Sunday, July 15, 2018

Restoring a TS-430S, or "dry joints and stray RF: a tutorial"

I recently acquired a TS-430S HF transceiver. The seller claimed the FM board and full complement of filters worked, but no display, buttons/LEDs or sound. He said it worked until he sent it in to have filters added. I figured it was going to be something simple. Boy was I both right and wrong.

These rigs have a habit of dry joints everywhere. So, I powered it up to see - yes, no display. Ok - step 1 - check power rails. I discovered there was no 5v line. The IF board has the 7805 regulator, so it is time to check for dry joints.

Oh look! Some very dry joints. I bet these were marginal until the tech installing the filters jostled it about. I fixed these any anything else I could find on the IF board.

I then powered it up. One digit showed up - the optional 10Hz digit - but all the lights and buttons worked.

Now, this rig has a separate PLL board for the main VFO which exports a signal that blanks the VFO output and the display. Amusingly it doesn't blank the final digit though. Ok, so it's likely PLL unlock. The PLL board was getting power, but ... no stable 36MHz base oscillator. That's on the control board. I pulled that out to find more dry joints around that circuit and its connector - so, fixed that.

I fired it up again. The PLL board was still unlocked even though the 36MHz oscillator was now working. I spun the dial and measured the other VFO feeding the PLL board - this is the fine grain frequency selection that gets mixed in to the PLL boards four VFOs to output the final VFO signal. It was moving OK - so the control board and the other PLLs were OK. Next - check the four VCO selection lines - nothing.

The PLL board has four varicap diode based VCOs and a PLL loop. The control board outputs the band select data to the RF board which decodes it and drives the PLL VCO, the relay based LPFs and the receiver HPFs. There were multiple issues - the control board bandpass lines were wrong and the VCO select lines were wrong.

Next - the RF board. Dry joints everywhere. Here is one of many that linked ground planes together.

And this one was on the VCO output connector.

I removed the TTL IC that did the BCD to output line demuxing because it was dead and fixed the dry joints. But the control board was still outputting the wrong band info. It turns out the IO expander IC that drives those four lines had two dead IO lines. So, that needed replacing too.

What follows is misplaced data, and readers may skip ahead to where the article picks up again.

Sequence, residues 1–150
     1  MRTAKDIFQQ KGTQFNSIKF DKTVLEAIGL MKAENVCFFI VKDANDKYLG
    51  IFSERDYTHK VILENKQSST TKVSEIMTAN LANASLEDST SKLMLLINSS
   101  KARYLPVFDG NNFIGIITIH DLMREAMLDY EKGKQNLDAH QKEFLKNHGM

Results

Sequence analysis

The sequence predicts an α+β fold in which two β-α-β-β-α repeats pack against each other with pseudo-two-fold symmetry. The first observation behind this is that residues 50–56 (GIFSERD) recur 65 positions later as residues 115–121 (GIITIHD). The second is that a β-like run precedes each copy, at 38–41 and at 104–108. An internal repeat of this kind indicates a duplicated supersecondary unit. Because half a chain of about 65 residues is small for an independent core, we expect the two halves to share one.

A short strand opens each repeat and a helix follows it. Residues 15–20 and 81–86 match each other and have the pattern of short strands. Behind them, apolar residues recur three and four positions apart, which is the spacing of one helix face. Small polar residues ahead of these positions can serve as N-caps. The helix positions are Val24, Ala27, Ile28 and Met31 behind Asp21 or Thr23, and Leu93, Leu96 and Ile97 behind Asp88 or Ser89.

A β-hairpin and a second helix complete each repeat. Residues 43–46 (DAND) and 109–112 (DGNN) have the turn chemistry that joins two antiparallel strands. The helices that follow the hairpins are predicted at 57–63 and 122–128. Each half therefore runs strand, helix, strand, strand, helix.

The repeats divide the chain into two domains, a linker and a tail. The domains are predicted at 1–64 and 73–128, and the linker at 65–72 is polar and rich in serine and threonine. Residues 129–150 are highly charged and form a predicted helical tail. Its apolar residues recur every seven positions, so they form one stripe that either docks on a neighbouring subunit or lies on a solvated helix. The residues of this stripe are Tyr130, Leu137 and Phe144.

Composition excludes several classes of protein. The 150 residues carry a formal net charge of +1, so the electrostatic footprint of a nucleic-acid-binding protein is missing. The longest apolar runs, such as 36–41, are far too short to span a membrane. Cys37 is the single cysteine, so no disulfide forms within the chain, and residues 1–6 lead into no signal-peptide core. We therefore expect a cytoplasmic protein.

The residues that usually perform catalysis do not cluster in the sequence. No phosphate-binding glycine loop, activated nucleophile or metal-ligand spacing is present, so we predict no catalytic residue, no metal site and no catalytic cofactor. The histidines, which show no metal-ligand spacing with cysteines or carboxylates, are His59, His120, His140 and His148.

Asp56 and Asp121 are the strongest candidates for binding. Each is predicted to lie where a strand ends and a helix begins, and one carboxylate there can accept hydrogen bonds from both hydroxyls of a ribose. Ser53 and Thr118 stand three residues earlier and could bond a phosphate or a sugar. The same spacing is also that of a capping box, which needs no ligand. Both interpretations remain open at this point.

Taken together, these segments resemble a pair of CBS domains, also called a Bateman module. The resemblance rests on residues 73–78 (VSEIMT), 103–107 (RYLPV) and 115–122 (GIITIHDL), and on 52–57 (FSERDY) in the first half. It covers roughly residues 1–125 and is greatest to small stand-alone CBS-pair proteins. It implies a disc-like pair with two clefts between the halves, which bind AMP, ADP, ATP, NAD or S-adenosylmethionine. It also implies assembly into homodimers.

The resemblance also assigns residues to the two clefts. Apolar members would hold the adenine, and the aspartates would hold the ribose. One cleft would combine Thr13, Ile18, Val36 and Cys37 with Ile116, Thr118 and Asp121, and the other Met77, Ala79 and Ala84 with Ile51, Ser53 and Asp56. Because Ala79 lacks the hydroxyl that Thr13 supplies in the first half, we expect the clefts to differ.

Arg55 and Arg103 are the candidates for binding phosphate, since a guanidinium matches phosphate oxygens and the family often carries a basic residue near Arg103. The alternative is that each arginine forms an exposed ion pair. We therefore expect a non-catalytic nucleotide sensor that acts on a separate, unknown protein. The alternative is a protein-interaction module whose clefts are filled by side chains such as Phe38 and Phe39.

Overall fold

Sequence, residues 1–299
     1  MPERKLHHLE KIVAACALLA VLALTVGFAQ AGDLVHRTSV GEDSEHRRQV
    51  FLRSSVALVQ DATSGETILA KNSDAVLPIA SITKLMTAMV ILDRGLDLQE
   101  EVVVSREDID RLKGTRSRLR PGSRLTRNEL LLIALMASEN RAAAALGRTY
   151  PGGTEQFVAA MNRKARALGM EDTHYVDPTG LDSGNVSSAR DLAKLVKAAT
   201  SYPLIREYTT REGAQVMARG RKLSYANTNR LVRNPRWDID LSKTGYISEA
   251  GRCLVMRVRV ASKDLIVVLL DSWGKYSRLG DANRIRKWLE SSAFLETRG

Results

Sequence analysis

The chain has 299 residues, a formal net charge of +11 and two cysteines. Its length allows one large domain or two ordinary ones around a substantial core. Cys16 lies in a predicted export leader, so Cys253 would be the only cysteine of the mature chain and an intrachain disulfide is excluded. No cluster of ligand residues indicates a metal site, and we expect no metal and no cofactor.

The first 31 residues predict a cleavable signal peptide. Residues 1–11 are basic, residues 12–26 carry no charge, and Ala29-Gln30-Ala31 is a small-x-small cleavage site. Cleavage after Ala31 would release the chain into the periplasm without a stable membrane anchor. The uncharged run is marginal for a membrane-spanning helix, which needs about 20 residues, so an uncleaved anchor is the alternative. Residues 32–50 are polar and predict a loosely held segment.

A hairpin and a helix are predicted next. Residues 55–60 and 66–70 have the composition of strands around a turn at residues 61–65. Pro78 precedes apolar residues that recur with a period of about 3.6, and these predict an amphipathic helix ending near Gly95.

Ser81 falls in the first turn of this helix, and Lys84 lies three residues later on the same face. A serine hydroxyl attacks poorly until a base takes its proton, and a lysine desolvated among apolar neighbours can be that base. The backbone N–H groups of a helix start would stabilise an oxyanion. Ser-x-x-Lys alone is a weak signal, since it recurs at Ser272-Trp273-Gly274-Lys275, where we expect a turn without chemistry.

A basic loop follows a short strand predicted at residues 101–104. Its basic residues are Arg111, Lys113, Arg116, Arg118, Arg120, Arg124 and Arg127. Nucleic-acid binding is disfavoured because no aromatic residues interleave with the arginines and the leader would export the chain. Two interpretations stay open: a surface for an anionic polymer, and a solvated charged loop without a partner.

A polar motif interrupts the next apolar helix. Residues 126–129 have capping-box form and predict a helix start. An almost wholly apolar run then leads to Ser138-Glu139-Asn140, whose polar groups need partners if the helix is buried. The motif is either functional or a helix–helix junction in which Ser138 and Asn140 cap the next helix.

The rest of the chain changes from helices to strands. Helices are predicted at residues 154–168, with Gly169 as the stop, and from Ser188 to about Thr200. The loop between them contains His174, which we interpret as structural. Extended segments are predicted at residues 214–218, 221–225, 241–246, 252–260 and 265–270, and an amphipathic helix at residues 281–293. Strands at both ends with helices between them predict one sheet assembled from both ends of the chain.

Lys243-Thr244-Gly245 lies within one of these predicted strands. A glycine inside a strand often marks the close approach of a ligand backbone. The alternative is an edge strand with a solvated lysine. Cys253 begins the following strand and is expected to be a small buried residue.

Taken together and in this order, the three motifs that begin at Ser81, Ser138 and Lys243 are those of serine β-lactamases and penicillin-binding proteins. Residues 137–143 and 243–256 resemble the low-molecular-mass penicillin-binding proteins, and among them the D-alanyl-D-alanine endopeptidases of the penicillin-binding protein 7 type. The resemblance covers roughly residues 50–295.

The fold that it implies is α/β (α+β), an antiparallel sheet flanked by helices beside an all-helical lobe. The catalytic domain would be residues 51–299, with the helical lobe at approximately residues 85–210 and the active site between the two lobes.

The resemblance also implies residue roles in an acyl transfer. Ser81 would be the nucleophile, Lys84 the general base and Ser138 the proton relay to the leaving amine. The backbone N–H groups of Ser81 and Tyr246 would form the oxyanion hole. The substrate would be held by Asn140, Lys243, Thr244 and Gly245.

At this stage the control board was OK, the band select lines and VCO select lines are OK, but no PLL lock. Time to diagnose the PLL board.

First up - the varicap VCO was working. Wrong frequency but working. The circuit takes the output of that, buffers it though a transistor amplifier, shapes it into a square wave and divides it down via a pair of TTL chips and feeds it into the PLL control IC.

Next - the 5v line on the PLL board was ... suspiciously low. 5v was coming in OK, but something was dragging it down to 3.8v in places. That is too low for TTL. I checked each chip and... the 75S112N flip flop chip was running hot. Ok, so that needed replacing. Note it is S and not 74LS - the PLL loop runs from 45 to 75MHz, so it needs speed. With that chip replaced the 5v rail was again at 5v. But, no PLL lock.

So I then traced the PLL loop. VCO was OK. VCO though the buffer amp wasn't. I pulled out the transistor there and it was open circuit. I didn't have an equivalent so I found a close enough one for now and ordered a replacement. But then it was sill not working right - the signal level into the TTL NAND chip was super low. I figured either the transistor I replaced it with wasn't biased right or the TTL chip was pulling its input low. Indeed it was the latter - the input side was shorted to ground. I replaced that chip and the rig sprung to life!

I recalibrated the four VCOs now that I had replaced some parts. It was locking OK on all bands.

But - the receive signal was low. I checked the attenuator switch - no go. I disconnected the attenuator control cable to the RF board - RX sprung to life! A little solder reflow on the switch board and that fixed that.

After that I just did the obligatory filter and finals board check and reflow.

One LPF relay clean procedure and finals alignment later and it's all ready to go. The SWR foldback protection needs fixing and I need a 150 ohm dry load to do that, so that's my next week project.

As to how those parts all failed, likely at once? My guess is stray RF fried a path somehow. I'm glad this was the extent of the part damage!


  1. Top notch job. Gave me many ideas to watch for. My TS-430s just has bad audio. So probably it is the audio output IC. Looks like it has been replace before so might be something else too. AM filter has been added which might have caused all the trouble. Anyway, best wishes. Bob KD8VFC

  2. Is it bad audio on just AM? Or SSB too? The default TS-430 with no AM filter sounds .. crap on AM because they routed the AM signal through a sideband filter. Tsk.